Parashat Bechukotai Weekly Torah Portion
Parashat Bechukotai is divided into three parts.
- The blessings for keeping the commandments
- The curses for not keeping them
- The laws of arachim- if a person wishes to donate himself to the Temple. How much should he donate?
Our Parasha opens with the words:
אִם־בְּחֻקֹּתַ֖י תֵּלֵ֑כוּ וְאֶת־מִצְוֺתַ֣י תִּשְׁמְר֔וּ וַעֲשִׂיתֶ֖ם אֹתָֽם׃
If you walk in My laws and faithfully observe and do My commandments, (Lev 26:3)
In the Hebrew text, we see that the Torah uses 3 verbs in the first verse. Walk, Observe and Do.
We are now at the lead up to the festival of Shavuot, the festival of the giving of the Torah. Parasha Bechukotai is providing us with a framework for keeping the Torah commandments.
Imagine this scene. Your grandmother invites you into the house and presents you with a special heirloom. “This has been in our family for generations,” she says. “I now hand it over to you. Look after and care for it and when you are my age hand it over to your grandchildren.”
I assume that you will take it home. Make sure to wrap it and keep it in a safe place so that it is not damaged and then hand it over to your grandchildren, in the same condition that you have received it.
Bechukotai – The Torah Way
This, however, is not the Torah way. The same scene is played out. Our grandparents sit us down and say to us. It is time to hand over to you the values, traditions and practices of Judaism. We have faithfully kept them and guarded them and now it is your turn. The Torah demands that in order for us to guard the mitzvot. There is only one way and that is to do them,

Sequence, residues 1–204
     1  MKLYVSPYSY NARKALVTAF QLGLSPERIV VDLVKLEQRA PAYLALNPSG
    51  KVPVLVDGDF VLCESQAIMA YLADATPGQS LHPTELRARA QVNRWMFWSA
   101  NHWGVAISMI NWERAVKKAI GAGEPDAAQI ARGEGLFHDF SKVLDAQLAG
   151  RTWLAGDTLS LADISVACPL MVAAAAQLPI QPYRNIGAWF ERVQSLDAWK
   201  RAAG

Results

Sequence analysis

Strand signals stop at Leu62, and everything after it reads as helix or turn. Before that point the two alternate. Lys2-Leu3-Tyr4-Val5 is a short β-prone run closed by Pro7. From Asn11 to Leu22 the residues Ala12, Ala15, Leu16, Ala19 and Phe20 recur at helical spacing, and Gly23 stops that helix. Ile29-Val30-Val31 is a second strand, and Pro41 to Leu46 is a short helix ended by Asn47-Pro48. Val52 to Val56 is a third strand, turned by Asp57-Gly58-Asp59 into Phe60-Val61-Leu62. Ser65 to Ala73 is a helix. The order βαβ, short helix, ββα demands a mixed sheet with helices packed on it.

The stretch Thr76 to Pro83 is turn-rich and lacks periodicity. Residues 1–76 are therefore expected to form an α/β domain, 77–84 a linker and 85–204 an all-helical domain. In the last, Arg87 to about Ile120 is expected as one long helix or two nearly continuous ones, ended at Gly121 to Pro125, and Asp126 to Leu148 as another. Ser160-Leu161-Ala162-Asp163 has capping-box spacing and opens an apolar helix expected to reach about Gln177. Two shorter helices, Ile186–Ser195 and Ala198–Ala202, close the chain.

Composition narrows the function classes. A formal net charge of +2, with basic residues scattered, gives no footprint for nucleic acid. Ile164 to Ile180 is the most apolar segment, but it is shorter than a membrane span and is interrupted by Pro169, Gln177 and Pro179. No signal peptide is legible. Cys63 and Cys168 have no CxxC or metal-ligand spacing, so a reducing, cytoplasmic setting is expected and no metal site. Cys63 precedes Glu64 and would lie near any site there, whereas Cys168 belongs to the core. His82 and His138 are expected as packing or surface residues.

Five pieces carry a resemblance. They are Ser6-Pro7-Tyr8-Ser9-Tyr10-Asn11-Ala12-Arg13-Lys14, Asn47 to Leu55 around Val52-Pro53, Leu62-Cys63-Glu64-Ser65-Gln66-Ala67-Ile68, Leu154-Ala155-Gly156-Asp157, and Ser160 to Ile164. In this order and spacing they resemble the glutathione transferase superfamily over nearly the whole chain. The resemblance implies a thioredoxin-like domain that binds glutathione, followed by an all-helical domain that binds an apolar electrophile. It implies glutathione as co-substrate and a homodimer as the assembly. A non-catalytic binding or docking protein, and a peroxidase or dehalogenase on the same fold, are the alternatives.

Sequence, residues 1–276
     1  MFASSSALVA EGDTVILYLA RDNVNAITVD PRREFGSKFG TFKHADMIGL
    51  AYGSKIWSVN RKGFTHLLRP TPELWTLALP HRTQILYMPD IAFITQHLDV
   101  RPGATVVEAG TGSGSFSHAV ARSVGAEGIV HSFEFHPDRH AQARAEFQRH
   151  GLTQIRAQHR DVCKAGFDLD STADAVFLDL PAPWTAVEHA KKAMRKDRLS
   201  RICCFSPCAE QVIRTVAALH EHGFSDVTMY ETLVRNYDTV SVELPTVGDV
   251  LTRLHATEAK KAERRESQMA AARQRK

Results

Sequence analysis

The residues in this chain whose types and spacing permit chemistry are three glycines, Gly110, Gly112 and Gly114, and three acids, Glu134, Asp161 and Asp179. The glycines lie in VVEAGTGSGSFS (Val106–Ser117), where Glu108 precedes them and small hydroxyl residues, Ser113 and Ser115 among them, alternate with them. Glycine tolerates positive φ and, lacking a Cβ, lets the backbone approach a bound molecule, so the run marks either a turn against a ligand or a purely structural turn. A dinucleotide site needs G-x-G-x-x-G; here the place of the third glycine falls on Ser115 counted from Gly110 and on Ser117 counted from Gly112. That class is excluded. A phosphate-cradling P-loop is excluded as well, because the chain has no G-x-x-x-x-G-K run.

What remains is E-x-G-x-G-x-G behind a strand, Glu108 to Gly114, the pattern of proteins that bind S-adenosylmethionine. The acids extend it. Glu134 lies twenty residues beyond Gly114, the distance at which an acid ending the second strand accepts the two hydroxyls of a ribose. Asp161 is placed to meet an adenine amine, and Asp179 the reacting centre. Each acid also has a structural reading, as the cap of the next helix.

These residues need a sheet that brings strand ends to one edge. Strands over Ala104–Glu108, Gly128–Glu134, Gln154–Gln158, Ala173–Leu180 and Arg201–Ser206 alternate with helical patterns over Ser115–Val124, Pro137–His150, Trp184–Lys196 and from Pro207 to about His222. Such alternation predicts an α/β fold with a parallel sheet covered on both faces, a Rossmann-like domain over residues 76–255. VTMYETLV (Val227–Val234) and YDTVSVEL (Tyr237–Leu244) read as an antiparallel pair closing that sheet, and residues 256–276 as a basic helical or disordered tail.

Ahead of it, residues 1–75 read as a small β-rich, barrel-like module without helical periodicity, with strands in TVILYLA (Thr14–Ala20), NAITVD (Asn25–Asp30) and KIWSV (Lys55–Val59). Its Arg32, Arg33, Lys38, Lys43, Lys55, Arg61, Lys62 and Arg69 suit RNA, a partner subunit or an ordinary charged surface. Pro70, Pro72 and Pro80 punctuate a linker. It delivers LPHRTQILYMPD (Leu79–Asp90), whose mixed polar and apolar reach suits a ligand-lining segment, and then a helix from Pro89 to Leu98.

We know the rule of “USE IT OR LOSE IT.” This is normally related to our bodies. If we do not exercise our muscles, over time we will lose the ability to use them. The same is true with our Judaism if we do not practice it constantly there is a danger that we will lose it.
What I Learned From My Siddur
Every year I am privileged, in my role as Rabbi of Masada College to present the year 2 students with their first Siddur. Parents will decorate the siddur and write beautiful messages to their children about the importance of practicing Judaism and learning to love the traditions. The look on the students faces when they receive their beautiful new siddurim is priceless.
After they receive their siddur, I show them my siddur. It is worn, the cover is sellotaped on. Some pages are missing, others have been torn. I have been using the same siddur for close on 30 years and will not change it. Why?
This siddur has been with me every day of my life for the past 30 years. From my first trip to Israel, to my yeshiva days, to my trips to Poland. Through the highs and lows, my siddur has been my constant companion. When I open it, I connect to the places that I have visited and prayed. This Siddur represents my guarding and keeping of the commandments. This well-used siddur is my most precious possession. My love is seen by the used pages.
The Torah, and Parashat Bechukotai is teaching me that the way to guard the commandments and our traditions is by doing them not by hiding them in a display cabinet. When we enjoy a Shabbat dinner, using our grandmother’s candles and grandfathers kiddish cup that is how we guard the traditions.
If you walk in My laws and faithfully observe and do My commandments then you will receive the blessings of Hashem.